The Senate’s No. 2 Democrat on Friday joined the growing push in Congress against the National Security Agency’s sweeping collection of cellphone records, announcing that the Senate Appropriations Committee had approved a measure that would require the agency to make public declarations about the once-secret program.
Sen. Richard Durbin, D-Ill., who’s the assistant Senate majority leader and the chairman of the Defense Appropriations Subcommittee, said the measure was inserted into a Defense Department spending bill. A spokesman for Durbin called it the first legislative action a congressional committee has approved since former NSA contractor Edward Snowden revealed the agency’s data collection program. The full Senate will debate the spending bill when it returns from its five-week recess in September.
Durbin’s measure strikes a delicate balance between a growing call for curbs on the NSA program and a reluctance on the part of the Obama administration and congressional leaders to sharply limit it.
Unlike a narrowly defeated measure in the House of Representatives that would have barred the NSA from spending any money on the program, effectively killing it, Durbin’s proposal would allow it to continue but would require that the agency make public more information on the program, which the secretive Foreign Intelligence Surveillance Court authorized under Section 215 of the Patriot Act.
The measure would require the agency to report the number of phone records it’s gathered and to make public the details of any other bulk data-collection programs it operates, including when they began, how much they cost and what types of records are being collected, and to list any terrorist plots that the programs have thwarted.
The added reporting requirements would do nothing to rein in the agency’s ability to collect the data, which may be one reason the bill soared through the Appropriations Committee. Durbin’s office was optimistic that lawmakers on both sides of the aisle will support the added transparency measures, but most senators had left Washington on Friday to begin their vacation and were unavailable for comment.
Sen. Dianne Feinstein, D-Calif., the chair of the Senate Intelligence Committee and a staunch supporter of the collection program, declined to comment.
Whether the measures will stanch the rising anger over the collection program was less certain. Last week, the House defeated a proposal by Rep. Justin Amash, R-Mich., that would have killed the program by starving it of funding. The vote was 217-205, an outcome that came only after heavy lobbying by supporters of the program, including hours-long visits to the Capitol by the director the NSA, Army Gen. Keith Alexander, and the director of national intelligence, James Clapper, as well as tough campaigning by House Speaker John Bohner, R-Ohio, and Minority Leader Nancy Pelosi, D-Calif.
The support for the measure by 111 Democrats and 94 Republicans, and the anger evident in committee hearings, rattled the White House, which invited Durbin and eight other legislators, including some of the staunchest critics of the program, to meet Thursday with President Barack Obama.
Though it’s part of the spending bill, Durbin’s measure doesn’t directly tie funding to the NSA’s following through on the reporting requirements, which require the agency to make public details it’s been reluctant to disclose.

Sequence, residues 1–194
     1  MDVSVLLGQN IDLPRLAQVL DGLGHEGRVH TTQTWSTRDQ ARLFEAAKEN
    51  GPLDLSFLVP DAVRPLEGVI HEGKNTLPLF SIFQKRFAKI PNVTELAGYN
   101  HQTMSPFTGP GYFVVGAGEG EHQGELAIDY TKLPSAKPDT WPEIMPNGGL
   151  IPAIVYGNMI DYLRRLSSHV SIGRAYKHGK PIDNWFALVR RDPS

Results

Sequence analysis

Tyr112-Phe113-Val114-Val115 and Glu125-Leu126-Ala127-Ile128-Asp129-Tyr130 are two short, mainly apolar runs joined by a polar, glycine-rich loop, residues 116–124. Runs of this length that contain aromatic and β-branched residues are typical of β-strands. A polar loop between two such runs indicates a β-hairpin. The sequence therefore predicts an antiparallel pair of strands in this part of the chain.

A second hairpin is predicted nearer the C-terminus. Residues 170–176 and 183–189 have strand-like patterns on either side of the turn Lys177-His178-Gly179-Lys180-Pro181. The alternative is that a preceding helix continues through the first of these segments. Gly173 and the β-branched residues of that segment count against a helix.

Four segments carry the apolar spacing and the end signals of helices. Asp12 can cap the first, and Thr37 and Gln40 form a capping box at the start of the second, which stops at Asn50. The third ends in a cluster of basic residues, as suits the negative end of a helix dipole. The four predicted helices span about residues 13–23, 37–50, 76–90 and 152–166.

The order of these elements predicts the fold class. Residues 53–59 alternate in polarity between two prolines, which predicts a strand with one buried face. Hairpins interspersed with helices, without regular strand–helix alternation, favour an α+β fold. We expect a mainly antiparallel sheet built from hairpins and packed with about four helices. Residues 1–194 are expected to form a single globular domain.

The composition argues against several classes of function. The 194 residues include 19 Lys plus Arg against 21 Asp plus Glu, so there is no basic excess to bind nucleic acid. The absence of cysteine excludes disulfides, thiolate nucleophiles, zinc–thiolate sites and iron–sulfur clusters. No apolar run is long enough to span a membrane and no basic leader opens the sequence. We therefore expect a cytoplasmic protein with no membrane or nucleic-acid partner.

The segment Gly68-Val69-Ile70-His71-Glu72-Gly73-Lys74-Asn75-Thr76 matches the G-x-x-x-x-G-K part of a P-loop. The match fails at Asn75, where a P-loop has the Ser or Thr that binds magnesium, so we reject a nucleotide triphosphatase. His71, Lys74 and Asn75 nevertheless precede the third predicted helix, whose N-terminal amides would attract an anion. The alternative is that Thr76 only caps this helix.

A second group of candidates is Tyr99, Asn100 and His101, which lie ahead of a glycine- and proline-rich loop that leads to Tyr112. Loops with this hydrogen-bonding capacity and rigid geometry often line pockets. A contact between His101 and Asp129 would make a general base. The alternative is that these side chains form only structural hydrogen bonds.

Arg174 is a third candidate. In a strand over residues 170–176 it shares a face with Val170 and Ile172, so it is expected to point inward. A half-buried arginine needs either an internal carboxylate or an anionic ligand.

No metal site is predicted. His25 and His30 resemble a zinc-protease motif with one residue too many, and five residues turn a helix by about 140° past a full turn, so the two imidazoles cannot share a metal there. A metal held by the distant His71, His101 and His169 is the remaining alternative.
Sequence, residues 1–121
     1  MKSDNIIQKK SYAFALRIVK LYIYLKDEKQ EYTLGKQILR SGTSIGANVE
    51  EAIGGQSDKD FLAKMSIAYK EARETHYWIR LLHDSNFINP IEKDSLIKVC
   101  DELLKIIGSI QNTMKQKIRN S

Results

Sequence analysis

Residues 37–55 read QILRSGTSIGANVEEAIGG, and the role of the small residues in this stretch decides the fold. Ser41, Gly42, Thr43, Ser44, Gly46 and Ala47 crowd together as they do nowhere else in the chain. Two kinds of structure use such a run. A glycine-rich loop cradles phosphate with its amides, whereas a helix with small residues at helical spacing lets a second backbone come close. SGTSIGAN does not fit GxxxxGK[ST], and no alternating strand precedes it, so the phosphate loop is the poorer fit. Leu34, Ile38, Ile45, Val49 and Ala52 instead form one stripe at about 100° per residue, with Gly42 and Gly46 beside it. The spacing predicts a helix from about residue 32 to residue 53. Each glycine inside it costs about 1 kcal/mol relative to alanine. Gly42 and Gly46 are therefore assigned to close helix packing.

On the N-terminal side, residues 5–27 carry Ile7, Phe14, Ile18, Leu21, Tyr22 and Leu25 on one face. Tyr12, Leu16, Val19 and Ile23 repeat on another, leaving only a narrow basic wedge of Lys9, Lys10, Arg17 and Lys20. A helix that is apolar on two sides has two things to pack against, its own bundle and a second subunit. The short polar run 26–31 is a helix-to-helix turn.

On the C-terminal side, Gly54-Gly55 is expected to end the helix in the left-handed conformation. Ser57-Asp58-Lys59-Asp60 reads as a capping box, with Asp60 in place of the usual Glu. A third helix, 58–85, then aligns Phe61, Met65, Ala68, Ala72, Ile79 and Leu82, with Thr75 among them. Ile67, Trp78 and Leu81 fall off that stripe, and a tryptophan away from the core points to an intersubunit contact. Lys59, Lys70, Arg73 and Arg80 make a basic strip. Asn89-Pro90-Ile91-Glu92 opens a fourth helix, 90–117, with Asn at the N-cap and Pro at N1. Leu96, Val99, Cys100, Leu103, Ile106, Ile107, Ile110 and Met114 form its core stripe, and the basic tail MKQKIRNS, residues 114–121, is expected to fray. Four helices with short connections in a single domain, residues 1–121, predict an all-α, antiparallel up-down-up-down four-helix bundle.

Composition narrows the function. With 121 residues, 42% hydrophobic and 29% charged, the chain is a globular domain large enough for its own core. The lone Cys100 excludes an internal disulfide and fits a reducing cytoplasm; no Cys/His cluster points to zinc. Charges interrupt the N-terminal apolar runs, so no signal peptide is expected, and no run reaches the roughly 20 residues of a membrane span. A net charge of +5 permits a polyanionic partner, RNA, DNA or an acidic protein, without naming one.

One of them is how much the collection programs cost, a question that’s been asked repeatedly at recent hearings but that Obama administration officials have refused to answer publicly, saying the figure is classified. Officials have said they’d divulge it in a closed briefing.
Durbin’s measure would require the NSA to disclose the number of terrorist plots that were disrupted because of the collection of the telephone data and whether the information could have been obtained through other means. The requirement signals the growing skepticism among lawmakers about the veracity of the agency’s claims that the program has thwarted more than 50 terrorist plots, a number most recently disputed Wednesday at a Senate Judiciary Committee hearing, at which Chairman Patrick Leahy, D-Vt., asked officials how many times telephone metadata had been crucial to stopping attacks.
“That’s a very difficult question to answer insomuch that it’s not necessarily how these programs work. That’s actually not how these programs work,” NSA Deputy Director John Inglis said. “What happens is you simply have a range of tools at your disposal.”
Durbin’s effort is one of several legislative pushes introduced in recent weeks to address the NSA’s data collection programs. Sens. Ron Wyden, D-Ore., Tom Udall, D-N.M., and Richard Blumenthal, D-Conn., introduced legislation Thursday that would change the operations of the Foreign Intelligence Surveillance Court, which approves requests for government surveillance programs.
Leahy is sponsoring a bill that would limit the NSA’s data collection abilities as well as speed up the date of their expiration and add reporting requirements. Sen. Al Franken, D-Minn., said at Wednesday’s hearing that he planned to introduce legislation that would add reporting requirements similar to Durbin’s.
But of all the recent efforts from congressional leadership, Durbin’s is the furthest along the road to approval. No other piece of legislation has made it to the floor with committee approval nor has any other been backed by a member of the leadership.